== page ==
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Well I did it :D I work in an entertainment store which is not gonna mind at all but will see what the museum thinks in Wednesday :o I think it looks nice

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Without describing anything about the case or its merits, it looks like I'll be a central witness in a lawsuit by some bondholders & creditors against former executives of one my clients.  One of my memos was quoted extensively in the suit filed.  It'll be my first deposition.  I hope all those episodes of The Good Wife have prepared me for the snappy dialogue, arch comments, backstabbing shenanigans and clever verbal traps that undoubtedly await me.  I hope my counsel is as sharp as Alicia.

To add further bad news, a really good candidate just declined our offer in order to take a more sales-oriented role at an inferior firm.  I think she's making a mistake but it's hers to make.

By the way, job-switching is noticeably higher this year throughout the industry.  Some big i-banks (JPM, UBS and Deutsche, for example) are cutting staff while lots of other investment firms are trying to add talent.  I'm trying to keep all my people while capturing strong new hires amid multiple offers.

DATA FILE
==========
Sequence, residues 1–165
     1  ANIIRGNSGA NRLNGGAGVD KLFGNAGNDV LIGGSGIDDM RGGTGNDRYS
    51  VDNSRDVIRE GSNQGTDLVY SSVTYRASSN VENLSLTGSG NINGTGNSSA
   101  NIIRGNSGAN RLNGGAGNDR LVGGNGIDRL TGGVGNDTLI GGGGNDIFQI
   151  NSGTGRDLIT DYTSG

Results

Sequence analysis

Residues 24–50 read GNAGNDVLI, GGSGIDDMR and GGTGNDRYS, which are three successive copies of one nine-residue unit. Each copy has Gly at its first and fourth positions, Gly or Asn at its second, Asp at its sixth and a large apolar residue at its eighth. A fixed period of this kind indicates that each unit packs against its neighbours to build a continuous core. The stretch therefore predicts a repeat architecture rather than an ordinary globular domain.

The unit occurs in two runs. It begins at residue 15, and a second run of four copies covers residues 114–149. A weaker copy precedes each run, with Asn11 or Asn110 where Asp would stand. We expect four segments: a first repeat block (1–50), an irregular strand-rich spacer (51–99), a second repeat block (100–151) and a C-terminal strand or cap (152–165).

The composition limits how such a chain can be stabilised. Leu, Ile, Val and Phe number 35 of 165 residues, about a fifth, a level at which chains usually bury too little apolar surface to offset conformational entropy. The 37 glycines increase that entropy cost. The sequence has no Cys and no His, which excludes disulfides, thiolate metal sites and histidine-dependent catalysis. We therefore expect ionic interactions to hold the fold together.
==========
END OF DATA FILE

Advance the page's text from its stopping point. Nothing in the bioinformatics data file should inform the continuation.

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I had an interview/test day on Monday for the South West Ambulance Trust. The interview went well I think. At least, I didn't go to pieces or say anything egregiously stupid so I'll put it in the positive column. I passed the practical driving test and the fitness test. Now I'm just waiting on the results of the driving theory. That's the one I'm most likely to have failed, but if that's the case I do get a re-sit so I'm not hugely worried (yet). Fingers crossed.